Moreover, where it is not facially evident from the complaint that more than $75,000 is in controversy, the pleading party has the burden to establish that the amount in controversy meets the jurisdictional threshold. See Matheson v. Progressive Specialty Ins. Co., 319 F.3d 1089, 1090 (9th Cir. 2003). "Conclusory allegations as to the amount in controversy are insufficient." Id. However, where the sum claimed by the plaintiff is "apparently made it good faith," the court should dismiss the case only if it "appear[s] to a legal certainty that the claim is really for less than the jurisdictional amount." Sanchez v. Monumental Life Ins. Co., 102 F.3d 398, 402 (9th Cir. 1996) (citation omitted).
In this case, Plaintiff fails to demonstrate that diversity jurisdiction is present. Nowhere in the Complaint does Plaintiff identify the domiciles of the various Defendants. Lew v. Moss, 797 F.2d 747, 749-50 (9th Cir. 1986); see also Hertz Corp. v. Friend, 559 U.S. 77, 95 (2010) (recognizing that a corporation is domiciled in the state where its "nerve center" is located). There is therefore no way for the Court to determine whether complete diversity exists between Plaintiff and each one of the Defendants.
Furthermore, Plaintiff has not shown that the amount in controversy exceeds $75,000. Plaintiff seeks at least $10,000 from each of the five Defendants, which means she is claiming $50,000 at minimum. That does not satisfy the statutory requirement. Matheson, 319 F.3d at 1091 (holding that it was not facially evident from the complaint that the controversy involved more than $75,000 where the plaintiff sought "'in excess' of $10,000 for economic loss, 'in excess' of $10,000 for emotional distress, and 'in excess' of $10,000 for punitive damages").
It is not clear from the Complaint what amount is actually in controversy here. Any award of damages would have to stem from the alleged fraud, conspiracy, negligence, and other asserted claims. However, it is unclear what exactly those damages would be. The amount in controversy cannot be the value of the Goodman Property because Plaintiff is not attempting to recover ownership thereof. Perhaps Plaintiff is seeking compensation for loan payments she was compelled to make to Bank of America as a result of Defendants' alleged activities. Or perhaps Plaintiff seeks recoupment for medical bills she has paid that would have otherwise been covered by the State if not for Bell's allegedly fraudulent loan modification in Plaintiff's name. On the face of the Complaint it is simply unclear (1) from where Plaintiff's damages arise and (2) what amount should be attached to the alleged harm.
Plaintiff attempts to rectify the Complaint's omission of the Defendants' domiciles and to increase the amount in controversy beyond $75,000 in her Response to the Motions to Dismiss. (See Pl.'s Resp. 1-2, ECF No. 16). Yet diversity jurisdiction must be affirmatively shown and the requisite citizenship of the parties must be alleged in the complaint. See McNutt v. Gen. Motors Acceptance Corp. of Ind., 298 U.S. 178, 189 (1936) (holding that a plaintiff "must allege in his pleading the facts essential to show jurisdiction"); Chicago, Burlington & Quincy Ry. Co. v. Willard, 220 U.S. 413, 420 (1911); Barkhorn v. Adlib Assocs., Inc., 345 F.2d 173, 174 (9th Cir. 1965). Accordingly, information contained in Plaintiff's Response cannot serve as the basis for diversity jurisdiction. See Ghazali, 46 F.3d at 54 (holding that "pro se litigants are bound by the rules of procedure").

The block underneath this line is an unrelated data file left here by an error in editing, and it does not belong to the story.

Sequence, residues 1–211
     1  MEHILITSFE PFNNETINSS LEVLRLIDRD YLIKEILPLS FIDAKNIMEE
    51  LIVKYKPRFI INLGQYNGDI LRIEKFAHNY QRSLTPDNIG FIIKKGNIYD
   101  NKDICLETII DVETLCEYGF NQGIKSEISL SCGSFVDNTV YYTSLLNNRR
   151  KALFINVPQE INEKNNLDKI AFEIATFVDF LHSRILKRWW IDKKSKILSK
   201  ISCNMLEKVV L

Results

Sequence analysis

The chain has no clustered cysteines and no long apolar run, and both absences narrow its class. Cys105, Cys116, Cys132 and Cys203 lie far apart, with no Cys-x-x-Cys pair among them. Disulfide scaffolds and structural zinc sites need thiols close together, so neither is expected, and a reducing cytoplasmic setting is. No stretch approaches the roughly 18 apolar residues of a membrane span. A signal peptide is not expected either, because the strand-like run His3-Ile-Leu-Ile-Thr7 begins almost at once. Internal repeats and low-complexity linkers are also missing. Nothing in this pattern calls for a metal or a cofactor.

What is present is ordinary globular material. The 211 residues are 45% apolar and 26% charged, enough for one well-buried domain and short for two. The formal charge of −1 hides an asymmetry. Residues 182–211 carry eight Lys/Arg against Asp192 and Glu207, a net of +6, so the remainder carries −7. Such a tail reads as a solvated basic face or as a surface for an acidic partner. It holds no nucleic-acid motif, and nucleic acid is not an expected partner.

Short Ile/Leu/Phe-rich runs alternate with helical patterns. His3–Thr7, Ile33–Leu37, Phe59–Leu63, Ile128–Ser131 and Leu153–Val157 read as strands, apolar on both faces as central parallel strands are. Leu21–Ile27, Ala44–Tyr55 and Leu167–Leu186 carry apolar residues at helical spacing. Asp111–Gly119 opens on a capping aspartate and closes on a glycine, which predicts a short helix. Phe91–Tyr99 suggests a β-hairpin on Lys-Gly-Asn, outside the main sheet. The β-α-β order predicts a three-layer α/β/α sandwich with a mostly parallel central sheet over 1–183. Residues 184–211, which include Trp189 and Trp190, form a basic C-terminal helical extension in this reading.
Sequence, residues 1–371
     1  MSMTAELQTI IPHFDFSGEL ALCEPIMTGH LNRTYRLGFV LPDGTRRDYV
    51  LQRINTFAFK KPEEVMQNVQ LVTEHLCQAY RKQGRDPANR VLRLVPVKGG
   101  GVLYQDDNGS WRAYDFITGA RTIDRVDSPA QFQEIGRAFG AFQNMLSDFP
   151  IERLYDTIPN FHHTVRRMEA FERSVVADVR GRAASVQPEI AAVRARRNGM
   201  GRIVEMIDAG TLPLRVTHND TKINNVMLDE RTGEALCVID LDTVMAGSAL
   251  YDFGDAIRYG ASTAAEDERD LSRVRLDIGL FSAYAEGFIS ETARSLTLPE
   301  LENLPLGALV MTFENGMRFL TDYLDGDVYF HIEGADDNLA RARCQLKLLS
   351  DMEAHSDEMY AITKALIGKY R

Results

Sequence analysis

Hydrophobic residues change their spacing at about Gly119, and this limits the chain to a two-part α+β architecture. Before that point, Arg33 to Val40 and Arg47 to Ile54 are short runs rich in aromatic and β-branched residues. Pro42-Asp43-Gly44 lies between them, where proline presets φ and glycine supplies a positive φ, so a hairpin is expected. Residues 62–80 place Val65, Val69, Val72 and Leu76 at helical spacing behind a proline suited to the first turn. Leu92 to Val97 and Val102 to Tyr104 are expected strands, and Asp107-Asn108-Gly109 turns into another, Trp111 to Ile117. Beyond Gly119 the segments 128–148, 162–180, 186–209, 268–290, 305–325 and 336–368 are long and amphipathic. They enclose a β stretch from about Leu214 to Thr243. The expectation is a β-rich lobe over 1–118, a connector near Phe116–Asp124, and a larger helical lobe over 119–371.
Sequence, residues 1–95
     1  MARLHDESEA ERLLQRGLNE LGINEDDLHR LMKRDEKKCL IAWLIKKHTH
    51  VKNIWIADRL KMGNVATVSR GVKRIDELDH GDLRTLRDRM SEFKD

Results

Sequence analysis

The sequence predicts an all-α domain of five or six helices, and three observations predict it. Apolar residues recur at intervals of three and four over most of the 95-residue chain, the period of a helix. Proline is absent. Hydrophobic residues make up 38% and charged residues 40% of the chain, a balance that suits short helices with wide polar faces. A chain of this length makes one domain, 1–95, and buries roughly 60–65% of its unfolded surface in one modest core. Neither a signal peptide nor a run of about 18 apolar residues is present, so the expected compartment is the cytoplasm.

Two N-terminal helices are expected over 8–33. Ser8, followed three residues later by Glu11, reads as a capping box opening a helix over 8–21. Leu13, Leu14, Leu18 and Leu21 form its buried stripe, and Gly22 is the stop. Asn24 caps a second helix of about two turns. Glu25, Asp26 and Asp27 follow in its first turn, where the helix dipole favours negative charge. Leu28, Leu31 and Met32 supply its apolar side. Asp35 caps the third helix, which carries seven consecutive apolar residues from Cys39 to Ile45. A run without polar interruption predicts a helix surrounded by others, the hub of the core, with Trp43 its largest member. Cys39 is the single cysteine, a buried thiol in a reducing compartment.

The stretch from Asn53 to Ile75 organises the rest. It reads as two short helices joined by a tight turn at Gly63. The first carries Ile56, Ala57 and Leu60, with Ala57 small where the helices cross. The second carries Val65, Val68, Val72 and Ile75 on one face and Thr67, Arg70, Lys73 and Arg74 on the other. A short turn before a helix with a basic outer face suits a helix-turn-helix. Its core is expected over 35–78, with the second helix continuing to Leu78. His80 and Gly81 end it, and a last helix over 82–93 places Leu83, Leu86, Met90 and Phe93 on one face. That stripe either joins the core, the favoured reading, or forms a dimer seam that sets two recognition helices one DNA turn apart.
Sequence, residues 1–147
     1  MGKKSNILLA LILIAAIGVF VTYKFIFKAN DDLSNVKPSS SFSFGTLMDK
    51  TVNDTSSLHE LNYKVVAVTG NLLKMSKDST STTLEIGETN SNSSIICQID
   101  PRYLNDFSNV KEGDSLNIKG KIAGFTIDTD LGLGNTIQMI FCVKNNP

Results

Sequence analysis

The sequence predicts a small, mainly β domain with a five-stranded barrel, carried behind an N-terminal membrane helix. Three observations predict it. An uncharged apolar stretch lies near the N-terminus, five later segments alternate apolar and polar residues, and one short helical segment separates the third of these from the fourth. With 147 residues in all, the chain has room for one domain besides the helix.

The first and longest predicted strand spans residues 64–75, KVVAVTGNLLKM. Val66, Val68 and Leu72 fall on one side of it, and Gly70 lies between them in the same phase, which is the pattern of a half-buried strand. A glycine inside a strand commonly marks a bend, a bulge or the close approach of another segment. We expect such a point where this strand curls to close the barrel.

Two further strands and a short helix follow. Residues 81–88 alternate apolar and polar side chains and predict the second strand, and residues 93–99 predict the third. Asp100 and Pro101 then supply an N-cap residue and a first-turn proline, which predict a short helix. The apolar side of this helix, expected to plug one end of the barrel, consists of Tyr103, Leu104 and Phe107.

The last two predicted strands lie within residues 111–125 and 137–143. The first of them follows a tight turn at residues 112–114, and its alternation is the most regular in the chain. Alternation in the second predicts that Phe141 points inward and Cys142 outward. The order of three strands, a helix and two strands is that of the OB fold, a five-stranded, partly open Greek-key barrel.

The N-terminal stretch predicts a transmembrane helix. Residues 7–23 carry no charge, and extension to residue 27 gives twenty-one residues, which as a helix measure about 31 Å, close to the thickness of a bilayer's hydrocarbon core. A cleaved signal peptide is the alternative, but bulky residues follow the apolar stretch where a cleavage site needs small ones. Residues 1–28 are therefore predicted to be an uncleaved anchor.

The Court, therefore, finds that the Complaint fails to establish subject-matter jurisdiction. Defendants' Motions to Dismiss are granted. However, the Court finds that Plaintiff should be given leave to amend the Complaint to see if she can cure the jurisdictional deficiencies identified by the Court. See DeSoto v. Yellow Freight Sys., Inc., 957 F.2d 655, 658 (9th Cir. 1992) (stating that leave to amend is denied only when it is clear that the deficiencies of the complaint cannot be cured by amendment).
IT IS HEREBY ORDERED that Defendants' Motions to Dismiss (ECF Nos. 13, 15) are GRANTED without prejudice. Plaintiff is granted leave to amend the Complaint within thirty (30) days of the entry of this Order. If an amended complaint is not filed within that time, this case will be dismissed with prejudice.
IT IS FURTHER ORDERED that Defendants' Motions for Demand for Security of Costs (ECF Nos. 10, 11) are DENIED as moot.
IT IS FURTHER ORDERED that Plaintiff's Motion to Strike (ECF No. 25) is DENIED as moot.
IT IS SO ORDERED. Dated: March 27, 2015
ROBERT C. JONES
United States District Judge